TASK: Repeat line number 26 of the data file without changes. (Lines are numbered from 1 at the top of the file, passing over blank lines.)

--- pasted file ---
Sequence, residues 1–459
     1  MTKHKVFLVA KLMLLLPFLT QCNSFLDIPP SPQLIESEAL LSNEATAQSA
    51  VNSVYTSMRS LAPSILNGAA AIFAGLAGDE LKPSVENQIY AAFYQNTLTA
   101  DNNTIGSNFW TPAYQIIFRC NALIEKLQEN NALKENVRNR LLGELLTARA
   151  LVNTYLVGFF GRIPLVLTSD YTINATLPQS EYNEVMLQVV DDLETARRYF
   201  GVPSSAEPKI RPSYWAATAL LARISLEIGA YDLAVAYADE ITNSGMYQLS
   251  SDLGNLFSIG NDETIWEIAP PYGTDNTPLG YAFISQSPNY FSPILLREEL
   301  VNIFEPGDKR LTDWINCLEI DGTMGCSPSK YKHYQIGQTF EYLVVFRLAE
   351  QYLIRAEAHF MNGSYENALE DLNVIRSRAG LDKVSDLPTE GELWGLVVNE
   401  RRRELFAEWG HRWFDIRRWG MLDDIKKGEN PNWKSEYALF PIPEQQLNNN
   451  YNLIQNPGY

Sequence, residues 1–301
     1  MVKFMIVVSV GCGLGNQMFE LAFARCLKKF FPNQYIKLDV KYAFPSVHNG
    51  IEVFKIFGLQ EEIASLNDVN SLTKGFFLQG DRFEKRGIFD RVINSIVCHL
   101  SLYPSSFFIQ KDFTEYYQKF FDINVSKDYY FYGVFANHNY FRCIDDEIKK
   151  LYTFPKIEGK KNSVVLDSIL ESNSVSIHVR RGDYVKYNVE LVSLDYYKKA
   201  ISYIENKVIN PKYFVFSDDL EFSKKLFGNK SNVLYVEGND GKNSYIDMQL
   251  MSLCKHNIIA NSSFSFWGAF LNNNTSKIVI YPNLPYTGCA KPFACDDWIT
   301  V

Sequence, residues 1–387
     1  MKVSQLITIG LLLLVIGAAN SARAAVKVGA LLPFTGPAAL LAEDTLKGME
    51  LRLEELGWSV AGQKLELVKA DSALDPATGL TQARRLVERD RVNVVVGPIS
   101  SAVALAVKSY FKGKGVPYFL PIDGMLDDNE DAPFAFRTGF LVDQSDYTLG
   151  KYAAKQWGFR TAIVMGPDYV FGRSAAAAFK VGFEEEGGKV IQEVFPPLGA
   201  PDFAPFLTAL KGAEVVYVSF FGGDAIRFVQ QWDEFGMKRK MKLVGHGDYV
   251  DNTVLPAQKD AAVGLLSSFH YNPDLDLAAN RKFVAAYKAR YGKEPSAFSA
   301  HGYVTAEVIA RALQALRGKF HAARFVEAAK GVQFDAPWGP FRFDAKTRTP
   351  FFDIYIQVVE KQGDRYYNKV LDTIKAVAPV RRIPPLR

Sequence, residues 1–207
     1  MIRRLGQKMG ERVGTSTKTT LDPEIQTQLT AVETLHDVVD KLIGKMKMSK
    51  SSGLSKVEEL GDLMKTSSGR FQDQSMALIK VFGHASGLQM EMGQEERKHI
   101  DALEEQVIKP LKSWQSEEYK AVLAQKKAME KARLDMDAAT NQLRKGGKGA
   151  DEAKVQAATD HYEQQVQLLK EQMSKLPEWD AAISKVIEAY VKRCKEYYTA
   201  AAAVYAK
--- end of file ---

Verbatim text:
   251  DNTVLPAQKD AAVGLLSSFH YNPDLDLAAN RKFVAAYKAR YGKEPSAFSA